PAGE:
This unfortunately has exposed your arguments for what they are, repeated from some conspiracy site without critical thinking.

NISTs theory is that the trusses did not fail, instead they sagged and pulled in on the outer wall. In NISTs tests even with fully fireproofed trusses there were element failures + concrete damage.

Of course, NIST also tested unfireproofed trusses for their thermal properties, exactly so they didn't have to recreate a bunch of different elements in fire and end up damaging their equipment lol. They performed these tests specifically as they were important in ensuring the WTC was sufficiently designed.


So now you want to quibble about words.

They only SAGGED 14 inches in the furnaces. All of the TALK in the NIST report of what the floors did in the buildings is NOTHING BUT SPECULATION. But the sections that tested in furnaces had insulation. So the SCIENCTIFIC thing to do would be to test them without insulation. So why haven't they done something that obvious.

Because if the don't SAG or FAIL under those conditions then the NIST will be proven to be idiots.

This is what the report says:


Additionally, the four Standard Fire Tests (ASTM E 119) of floor assemblies like those in the WTC towers showed that the load carrying capacity of the short span 35 ft floor system with a 0.75 in. insulation thickness was not compromised by heating for two hours at furnace temperatures with applied loads that exceeded those on September 11, 2001 by a factor of two. It took about 90 minutes of sustained heating in the furnace for temperatures to exceed 600 °C on steel truss members with either ½ in. or ¾ in. insulation thickness. The high temperature conditions in the furnace tests were at least as severe and lasting as long as the WTC fires, although the top of the slab was not heated. Although some web members buckled and the floor test assembly sagged up to 14 in. during the tests, the insulation remained intact during the tests.

NISTNCSTAR1-6

So you provide evidence that they tested trusses without insulation.

psik



posted on Apr, 22 2011 @ 04:25 PM
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reply to post by psikeyhackr
 


Actually,out of the 4 assemblies they used, one was not totally covered in SFRM. The bridging trusses were not coated and protected from over spray.

4.3.1 Table 4 of the NCSTAR 1-6B is where it is explained.

Also, on page 4 of the document, there is a nice mention of the original design plan and why they performed test #4.

There's your proof. Read the results.



posted on Apr, 22 2011 @ 04:38 PM
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Originally posted by esdad71
reply to post by psikeyhackr
 


Actually,out of the 4 assemblies they used, one was not totally covered in SFRM. The bridging trusses were not coated and protected from over spray.

4.3.1 Table 4 of the NCSTAR 1-6B is where it is explained.

Also, on page 4 of the document, there is a nice mention of the original design plan and why they performed test #4.

There's your proof. Read the results.


So is somebody claiming when the impact knocked off the fireproofing it only knocked it off the bridges?

None of the tested sections failed. Until they test a bare floor component AND IT FAILS nothing has been accomplished. If they test a bare one and it DOES NOT FAIL then all of this talk about missing fireproofing causing the problem is RUBBISH.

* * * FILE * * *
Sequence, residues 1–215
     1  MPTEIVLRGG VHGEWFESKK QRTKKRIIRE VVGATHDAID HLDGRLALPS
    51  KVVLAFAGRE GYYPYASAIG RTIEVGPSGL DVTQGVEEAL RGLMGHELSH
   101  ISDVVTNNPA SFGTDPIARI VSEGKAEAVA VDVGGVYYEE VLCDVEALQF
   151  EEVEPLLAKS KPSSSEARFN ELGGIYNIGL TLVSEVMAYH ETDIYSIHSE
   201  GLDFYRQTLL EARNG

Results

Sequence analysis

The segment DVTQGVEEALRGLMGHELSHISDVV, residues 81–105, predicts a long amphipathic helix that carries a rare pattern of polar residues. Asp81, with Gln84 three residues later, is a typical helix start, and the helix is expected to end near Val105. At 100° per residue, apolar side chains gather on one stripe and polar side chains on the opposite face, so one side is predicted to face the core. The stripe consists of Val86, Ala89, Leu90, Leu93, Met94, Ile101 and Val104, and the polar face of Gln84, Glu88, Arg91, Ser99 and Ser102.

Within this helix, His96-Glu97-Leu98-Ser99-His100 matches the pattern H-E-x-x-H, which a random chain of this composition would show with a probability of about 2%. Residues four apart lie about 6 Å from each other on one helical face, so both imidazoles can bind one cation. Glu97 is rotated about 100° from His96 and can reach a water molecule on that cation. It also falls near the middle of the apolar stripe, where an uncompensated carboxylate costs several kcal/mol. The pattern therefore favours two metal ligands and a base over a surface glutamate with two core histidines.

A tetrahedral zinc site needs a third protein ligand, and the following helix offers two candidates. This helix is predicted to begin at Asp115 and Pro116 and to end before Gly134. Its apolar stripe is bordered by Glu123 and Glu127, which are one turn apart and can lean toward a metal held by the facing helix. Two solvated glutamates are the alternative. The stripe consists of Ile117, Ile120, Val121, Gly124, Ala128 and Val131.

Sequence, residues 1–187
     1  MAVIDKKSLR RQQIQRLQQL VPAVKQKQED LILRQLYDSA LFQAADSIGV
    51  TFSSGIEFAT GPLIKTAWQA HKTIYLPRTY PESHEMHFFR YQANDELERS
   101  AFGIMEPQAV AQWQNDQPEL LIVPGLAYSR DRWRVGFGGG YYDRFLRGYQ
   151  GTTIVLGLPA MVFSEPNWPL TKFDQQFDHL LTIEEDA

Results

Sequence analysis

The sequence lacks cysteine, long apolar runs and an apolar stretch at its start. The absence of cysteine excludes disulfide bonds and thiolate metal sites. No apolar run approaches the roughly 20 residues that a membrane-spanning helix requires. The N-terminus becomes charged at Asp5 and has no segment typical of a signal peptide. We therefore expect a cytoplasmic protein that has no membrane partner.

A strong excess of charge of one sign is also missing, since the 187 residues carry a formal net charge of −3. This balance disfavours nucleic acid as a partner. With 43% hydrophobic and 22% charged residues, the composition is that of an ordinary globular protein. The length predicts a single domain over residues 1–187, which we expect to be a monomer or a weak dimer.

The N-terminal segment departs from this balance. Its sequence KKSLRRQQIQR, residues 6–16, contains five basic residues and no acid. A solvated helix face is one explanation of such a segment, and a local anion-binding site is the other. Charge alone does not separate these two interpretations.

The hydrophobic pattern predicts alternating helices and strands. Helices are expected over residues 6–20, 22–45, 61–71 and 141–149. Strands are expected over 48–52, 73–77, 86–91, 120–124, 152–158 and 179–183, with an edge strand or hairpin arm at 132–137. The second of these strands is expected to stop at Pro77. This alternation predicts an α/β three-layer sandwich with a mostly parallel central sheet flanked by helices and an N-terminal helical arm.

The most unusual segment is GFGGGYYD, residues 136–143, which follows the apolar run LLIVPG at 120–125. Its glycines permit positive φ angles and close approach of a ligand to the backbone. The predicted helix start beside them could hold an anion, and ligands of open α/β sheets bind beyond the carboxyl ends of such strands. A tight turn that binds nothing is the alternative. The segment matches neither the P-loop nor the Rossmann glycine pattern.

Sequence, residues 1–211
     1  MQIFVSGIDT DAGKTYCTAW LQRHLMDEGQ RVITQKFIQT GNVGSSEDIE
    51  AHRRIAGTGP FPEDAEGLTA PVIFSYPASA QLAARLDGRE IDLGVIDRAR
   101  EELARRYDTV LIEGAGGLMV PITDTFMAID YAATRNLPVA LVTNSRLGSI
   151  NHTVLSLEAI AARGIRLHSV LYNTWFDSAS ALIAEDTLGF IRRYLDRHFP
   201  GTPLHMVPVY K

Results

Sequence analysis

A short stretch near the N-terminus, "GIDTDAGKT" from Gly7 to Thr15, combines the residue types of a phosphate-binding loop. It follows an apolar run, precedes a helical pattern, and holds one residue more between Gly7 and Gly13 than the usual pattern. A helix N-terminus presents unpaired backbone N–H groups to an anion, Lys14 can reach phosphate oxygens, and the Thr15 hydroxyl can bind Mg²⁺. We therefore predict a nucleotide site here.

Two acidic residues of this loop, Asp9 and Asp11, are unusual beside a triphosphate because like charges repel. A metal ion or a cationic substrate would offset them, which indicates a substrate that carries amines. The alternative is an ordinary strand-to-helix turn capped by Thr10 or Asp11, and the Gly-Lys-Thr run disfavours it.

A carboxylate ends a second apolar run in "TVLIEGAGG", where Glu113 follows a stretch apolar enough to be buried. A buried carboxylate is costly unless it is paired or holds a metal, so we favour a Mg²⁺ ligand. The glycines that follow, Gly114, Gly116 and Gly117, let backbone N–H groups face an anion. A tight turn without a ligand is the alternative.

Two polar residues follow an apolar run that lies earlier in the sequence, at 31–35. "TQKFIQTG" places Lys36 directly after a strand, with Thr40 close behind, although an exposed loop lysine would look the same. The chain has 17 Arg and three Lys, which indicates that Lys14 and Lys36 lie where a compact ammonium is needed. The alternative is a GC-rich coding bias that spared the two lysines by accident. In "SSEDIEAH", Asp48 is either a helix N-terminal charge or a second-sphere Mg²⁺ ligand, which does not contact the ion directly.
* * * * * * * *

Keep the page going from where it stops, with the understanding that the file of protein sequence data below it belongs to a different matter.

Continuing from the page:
What do you think you are accomplish by brining up a partially bare floor assembly that STILL DID NOT FAIL? I am not even going to research it because none of them failed. If anything you just hurt your own case.

psik



posted on Apr, 22 2011 @ 04:48 PM
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Originally posted by hooper

Originally posted by psikeyhackr

Originally posted by Insolent
Hello. Mind if I jump into the debate?

As a support to exponents direction with this debate, I just want to add (some of you might know this already) that structural steel loses about 50% of its strength at 1100 deg. fahrenheit, and is at about 10% at 1800 deg. F.
www.engineeringtoolbox.com...


Sure jump in. Try saying something meaningful. What does that temperature REALLY MEAN?

Doesn't it mean the steel rose to that temperature ALL OF THE WAY TO THE CENTER OF THE STEEL?

It's called the core temperature of the steel. So if the steel is TWO INCHES THICK that means the temperature ONE INCH INSIDE the steel is 1100 deg F. So when do we here how thick the steel was at the 81st floor of the south tower? Isn't the thickness going to affect how many TONS OF STEEL THERE WERE on the 81st level. There had to be enough steel to support another TWENTY NINE STORIES of the building.

So how could that much steel that thick get hot enough TO THE CORE in less than ONE HOUR?

Oh yeah, experts like Richard Gage keep forgetting to ask about that.

psik

The elements in the steel trusses were not two inches thick. Take a piece of steel and fix both ends and put a big weight on top, Heat it, even a little above its neutral temperature and it will sag. Heat it alot and it will sag alot, Heat it enough and it will sag to failure.


Yeah look at pictures of the tilted top portion of the south tower. Didn't all of the core columns and all of the perimeter columns have to BREAK for the top of the south tower to get into that position?



Sure blame all of those broken columns on how thin the steel was in the trusses.

psik



posted on Apr, 22 2011 @ 04:48 PM
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reply to post by ANOK
 



What is neutral temperature lol? You mean the ambient temperature it was at before being heated? You don't do to well with terminology do you? There is no 'neutral temperature'. BTW see I can play the semantics game also, with you it's easy.

Temperature of the steel when it was fixed. The trusses were fixed at both ends. That and the weight they were carrying were the reason they sagged and not blew out threw the side of the exterior wall.


Hooper, so many times you misunderstand what's being said, it's sad, you and Esdad. In fact you could be the same person, you make the same misunderstandings? But again that's your job isn't hooper?

Typical. Your lack of writing skills are never in question, huh? Just a coincidence that everybody "misunderstands" you the same way.